The North Bend Eagle

  Setting stone
North Bend Boys Scouts set a new Lincoln Hiway marker on its pedestal Saturday morning [June 29, 2013].

Lincoln Highway marker set in North Bend

by Mary Le Arneal
Published 7/3/13

Sunny skies greeted those who attended the placing of the marker along the Lincoln Highway. The marker, donated to North Bend by the Nebraska Concrete and Aggregates Association (NC&AA), is one of 30 being made. These markers were available to NC&AA members and businesses to purchase to install in communities from North Bend to Kimball.

The North Bend Library Foundation sponsored the placing ceremony. Pat Beebe welcomed those in attendance to the event as a commemoration “of the building of the transcontinental highway and to recognize the importance this highway has played in the development of our community.”

Lincoln Highway medalThe medallion set into the concrete marker reads "This highway dedicated to Abraham Lincoln."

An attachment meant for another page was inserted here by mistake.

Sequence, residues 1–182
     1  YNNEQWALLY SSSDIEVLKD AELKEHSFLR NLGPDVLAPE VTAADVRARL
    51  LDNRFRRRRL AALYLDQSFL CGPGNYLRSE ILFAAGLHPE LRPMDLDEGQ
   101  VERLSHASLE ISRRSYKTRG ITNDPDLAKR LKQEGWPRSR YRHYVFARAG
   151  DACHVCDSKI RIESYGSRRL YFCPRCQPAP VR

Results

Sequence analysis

Beebe said that when the highway was proposed prior to 1913, it was suggested that concrete “seedling” miles should be placed periodically to demonstrate how to build a good road. In Dodge County the concrete manufacturers donated 3,000 barrels of cement, enough concrete for six miles of pavement between Fremont and Ames. This was the longest “seedling mile” in the 3,000 mile stretch of the proposed highway.

Jereme Montgomery from NC&AA told the assembled group how the marker project came about to commemorate the 100th anniversary of the Lincoln Highway.

Boy Scouts from Troop 110 set the top of the marker as part of the ceremony. Boys Scouts from North Bend also took part in the installation of the original markers in 1928.

A crowd of about 30 people attended the ceremony including John and Janice Wright from Ridgetown, Ontario, Canada. The Wrights are members of Tin Can Tours, a group of people with vintage motor homes who take tours together. The Wrights and their refurbished 1948 motor home joined the group in Haysville, Ohio, to follow the Lincoln Highway to Kearney for the centennial celebration June 29 - July 1.

The Wrights had a book describing local places to eat along the highway, including North Bend’s own Corner Cafe. While at the Corner for breakfast, they heard about the “Good Roads 1911” exhibit at the library, so they took that in and decided to stay for the marker setting at the intersection of highways 79 and 30 in downtown North Bend.

“It’s the highlight of our trip,” John said as they were leaving.

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